I’m still traveling the River roads along the Texas border for Muro del Odio. But it important to remember Valdez and the ongoing spoiling of our Ocean (yes, there is just one, despite all the names we’ve created).
Please read and consider the release from the Galveston Baykeepers…
Exxon Valdez Oil Spill Case Has Implications for Galveston Bay
Seabrook, Texas ― Today the U.S. Supreme Court will hear oral argument on the case surrounding the Exxon Valdez oil spill. In 1987 the tanker Exxon Valdez spilled 30 to 35 million gallons of Alaskan crude oil into Prince William Sound. The Court will hear arguments from Exxon why it should escape the $5 billion liability award imposed by an Anchorage jury in 1994.
The High Court’s decision holds special relevance for oil spill prevention and clean-up in Galveston Bay.
“The issue is whether we will hold oil companies responsible for the safety of their ships, said Charlotte Wells. “Each day, oil tankers ply the water of Galveston Bay. If Exxon avoids responsibility for this tragic but preventable accident it will increase the risk to every waterbody and coastline in the nation from oil tanker traffic.”
Among other claims, Exxon has argued that an 1818 maritime case known as the Amiable Nancy insulates shippers from the damages incurred by their vessel captains. That case hinged on the fact that ships of that era typically left port for years at a time with no contact with the vessel owner; today’s modern communications obviously create changed circumstances.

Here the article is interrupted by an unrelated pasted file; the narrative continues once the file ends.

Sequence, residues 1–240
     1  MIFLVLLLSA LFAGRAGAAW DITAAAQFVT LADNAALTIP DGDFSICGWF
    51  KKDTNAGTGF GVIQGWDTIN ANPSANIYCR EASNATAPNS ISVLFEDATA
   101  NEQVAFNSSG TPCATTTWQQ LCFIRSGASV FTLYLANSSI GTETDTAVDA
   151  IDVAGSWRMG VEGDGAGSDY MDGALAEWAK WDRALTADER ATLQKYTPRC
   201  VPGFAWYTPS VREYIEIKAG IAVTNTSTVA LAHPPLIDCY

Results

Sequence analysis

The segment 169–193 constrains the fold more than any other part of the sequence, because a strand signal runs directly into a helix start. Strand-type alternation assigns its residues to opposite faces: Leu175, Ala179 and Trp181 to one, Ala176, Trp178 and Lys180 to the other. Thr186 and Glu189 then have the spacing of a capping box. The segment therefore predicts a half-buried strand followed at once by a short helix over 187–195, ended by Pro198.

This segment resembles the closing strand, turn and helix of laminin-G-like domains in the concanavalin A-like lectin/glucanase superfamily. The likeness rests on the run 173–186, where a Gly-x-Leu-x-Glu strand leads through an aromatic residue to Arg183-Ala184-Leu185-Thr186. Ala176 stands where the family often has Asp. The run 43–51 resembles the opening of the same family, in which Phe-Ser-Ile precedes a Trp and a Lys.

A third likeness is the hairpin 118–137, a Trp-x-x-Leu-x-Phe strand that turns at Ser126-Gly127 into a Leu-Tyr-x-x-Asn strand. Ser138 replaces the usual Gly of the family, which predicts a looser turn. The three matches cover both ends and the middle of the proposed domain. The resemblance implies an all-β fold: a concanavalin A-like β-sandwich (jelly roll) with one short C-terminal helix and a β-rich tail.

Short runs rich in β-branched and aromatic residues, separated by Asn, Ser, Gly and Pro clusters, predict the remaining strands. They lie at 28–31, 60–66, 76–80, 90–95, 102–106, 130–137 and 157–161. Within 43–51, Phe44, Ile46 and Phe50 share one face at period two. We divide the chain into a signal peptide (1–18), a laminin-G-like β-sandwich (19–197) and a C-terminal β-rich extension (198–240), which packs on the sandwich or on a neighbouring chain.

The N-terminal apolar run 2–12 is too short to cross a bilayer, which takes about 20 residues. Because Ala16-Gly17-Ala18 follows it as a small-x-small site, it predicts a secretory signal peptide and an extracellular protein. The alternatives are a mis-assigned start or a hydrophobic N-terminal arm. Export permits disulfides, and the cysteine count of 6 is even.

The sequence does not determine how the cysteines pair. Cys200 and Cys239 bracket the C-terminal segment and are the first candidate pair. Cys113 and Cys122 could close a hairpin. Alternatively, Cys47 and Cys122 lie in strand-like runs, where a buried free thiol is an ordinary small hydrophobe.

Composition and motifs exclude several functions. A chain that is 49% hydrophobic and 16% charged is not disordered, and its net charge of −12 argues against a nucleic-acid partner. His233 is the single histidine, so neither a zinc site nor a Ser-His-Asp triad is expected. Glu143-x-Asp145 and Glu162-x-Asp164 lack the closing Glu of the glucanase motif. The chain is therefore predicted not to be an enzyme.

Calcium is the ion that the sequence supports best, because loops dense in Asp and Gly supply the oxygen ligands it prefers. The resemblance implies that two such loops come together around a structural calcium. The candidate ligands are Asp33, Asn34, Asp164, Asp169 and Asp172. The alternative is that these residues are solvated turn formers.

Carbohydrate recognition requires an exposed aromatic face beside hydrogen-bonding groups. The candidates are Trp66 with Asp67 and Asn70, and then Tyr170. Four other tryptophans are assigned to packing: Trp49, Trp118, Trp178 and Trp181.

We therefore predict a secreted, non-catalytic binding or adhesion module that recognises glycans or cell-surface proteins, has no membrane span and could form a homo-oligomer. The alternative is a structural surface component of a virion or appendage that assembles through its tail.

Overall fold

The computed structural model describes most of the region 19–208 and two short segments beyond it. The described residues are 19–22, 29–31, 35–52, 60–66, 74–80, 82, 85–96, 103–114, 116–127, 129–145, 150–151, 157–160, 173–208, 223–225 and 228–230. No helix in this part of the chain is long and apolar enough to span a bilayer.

“The Exxon Valdez oil spill showed that oil is considerably more toxic in the long term than scientists previously thought,” said Alaska-based Prince William Soundkeeper Jennifer Gibbons. “The once lucrative herring fisheries of Prince William Sound are now gone and twenty years after the spill, along hundreds of miles of coastline, you can still scoop oil up with your fingers.”
According to data from the Texas General Land Office, between 1998 and 2002 more than 260,000 gallons of petroleum products were spilled into Galveston Bay. Bunker and other heavy fuel oils comprised 43.5% (114, 032 gallons) of the amount spilled. The Houston Ship Channel was the location of the largest volume of spills (133,084 gallons or 50.8%). Galveston Bay had the second largest volume of petroleum product spilled (52,118 gallons or 19.9%).
Galveston Baykeeper believes polluters should be held responsible. If Exxon goes unpunished, how will the public be assured that actions will be taken to prevent future spills and who will be held accountable when an accident occurs?
Through countless appeals and legal maneuvering, Exxon lawyers have whittled down the original $5 billion jury verdict to $2.5 billion, and Exxon is now asking the Supreme Court to disallow that award under U.S. maritime law and the Clean Water Act.
In 2007, Exxon recorded the highest profits of any U.S. corporation ever, pulling in $40.6 billion – or more than $1,287 of profit for every second of 2007.